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February 2009
Survey Says...
By Ellison Clary
Enhancing the bottom line by building employee commitment sounds simple but is hard to achieve. Morehead Associates uses scientific surveys and sophisticated analyses to help a company or organization pull it off.

     The 36-person Charlotte firm does that for hundreds of clients, primarily in health care, as well as manufacturing and services financial services, utilities, pharmaceuticals, manufacturing and retail.

     Sandy Welton started Morehead Associates as a broad-ranging human resources consulting company in 1979, but changed it in 1991 into an entity that, he says, does one thing very well. “We conduct employee opinion research to help organizations align their human capital with their business performance,” he says.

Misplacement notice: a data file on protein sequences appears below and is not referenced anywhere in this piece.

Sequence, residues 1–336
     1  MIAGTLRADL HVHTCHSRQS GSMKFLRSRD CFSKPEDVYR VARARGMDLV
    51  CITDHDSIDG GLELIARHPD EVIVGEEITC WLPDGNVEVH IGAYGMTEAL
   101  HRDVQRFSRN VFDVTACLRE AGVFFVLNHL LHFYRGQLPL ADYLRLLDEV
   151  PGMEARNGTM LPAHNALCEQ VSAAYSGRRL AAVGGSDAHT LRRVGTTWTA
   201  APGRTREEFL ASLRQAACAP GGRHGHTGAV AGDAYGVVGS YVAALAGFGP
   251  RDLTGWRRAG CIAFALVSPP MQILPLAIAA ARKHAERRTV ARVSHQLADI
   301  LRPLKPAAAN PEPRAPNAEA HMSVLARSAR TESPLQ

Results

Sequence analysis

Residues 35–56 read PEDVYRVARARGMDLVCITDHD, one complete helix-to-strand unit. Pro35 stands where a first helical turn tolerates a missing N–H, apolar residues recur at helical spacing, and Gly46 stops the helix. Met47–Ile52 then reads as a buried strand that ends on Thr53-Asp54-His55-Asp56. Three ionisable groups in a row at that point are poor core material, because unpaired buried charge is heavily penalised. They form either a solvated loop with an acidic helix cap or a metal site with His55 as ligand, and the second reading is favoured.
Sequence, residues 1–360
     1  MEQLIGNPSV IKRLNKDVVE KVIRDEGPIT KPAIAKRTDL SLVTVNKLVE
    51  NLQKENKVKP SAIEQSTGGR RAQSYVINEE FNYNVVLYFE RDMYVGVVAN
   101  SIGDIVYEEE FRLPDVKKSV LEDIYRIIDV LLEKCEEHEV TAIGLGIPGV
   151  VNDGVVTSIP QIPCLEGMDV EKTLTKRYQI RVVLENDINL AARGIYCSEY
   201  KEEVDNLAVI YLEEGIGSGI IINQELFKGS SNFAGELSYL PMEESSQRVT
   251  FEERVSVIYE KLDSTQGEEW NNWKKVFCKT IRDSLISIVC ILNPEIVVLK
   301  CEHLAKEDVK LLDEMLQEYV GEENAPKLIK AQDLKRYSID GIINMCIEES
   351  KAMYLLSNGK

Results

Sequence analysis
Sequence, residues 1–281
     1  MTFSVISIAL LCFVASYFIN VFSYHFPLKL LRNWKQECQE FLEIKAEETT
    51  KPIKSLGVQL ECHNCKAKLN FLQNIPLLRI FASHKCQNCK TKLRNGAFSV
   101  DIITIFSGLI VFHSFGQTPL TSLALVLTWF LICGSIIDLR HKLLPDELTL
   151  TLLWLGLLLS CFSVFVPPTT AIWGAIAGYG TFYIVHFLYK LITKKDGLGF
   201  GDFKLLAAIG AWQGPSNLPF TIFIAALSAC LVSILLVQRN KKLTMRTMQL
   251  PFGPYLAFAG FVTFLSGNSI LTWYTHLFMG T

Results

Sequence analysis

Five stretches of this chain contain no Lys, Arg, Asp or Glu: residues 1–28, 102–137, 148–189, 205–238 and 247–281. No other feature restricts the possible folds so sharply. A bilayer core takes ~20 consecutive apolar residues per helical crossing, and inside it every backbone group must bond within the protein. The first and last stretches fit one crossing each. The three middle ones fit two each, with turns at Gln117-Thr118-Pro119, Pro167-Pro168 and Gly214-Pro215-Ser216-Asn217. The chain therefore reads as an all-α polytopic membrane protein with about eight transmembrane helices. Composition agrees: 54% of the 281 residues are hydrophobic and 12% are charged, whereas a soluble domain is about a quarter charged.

After asking employees the right questions, Morehead uses the responses to tell a company or organization where to “fix” employee experiences and thereby enhance customer satisfaction and other business outcomes.

     The survey questions, says marketing and corporate communications vice president Wanda Craig, fall in three “buckets” and are based on Morehead’s empirical model.

     “You ask about the organization, about the manager and about fellow employees,” Craig explains. Combined answers provide a holistic view of employees’ perceptions about the workplace.

     Morehead helps a client build what Welton calls a dashboard, a gathering of critical determinants for success and measures of how human capital—employees—affects them. For example, a bank might track human resource metrics like turnover and employee engagement.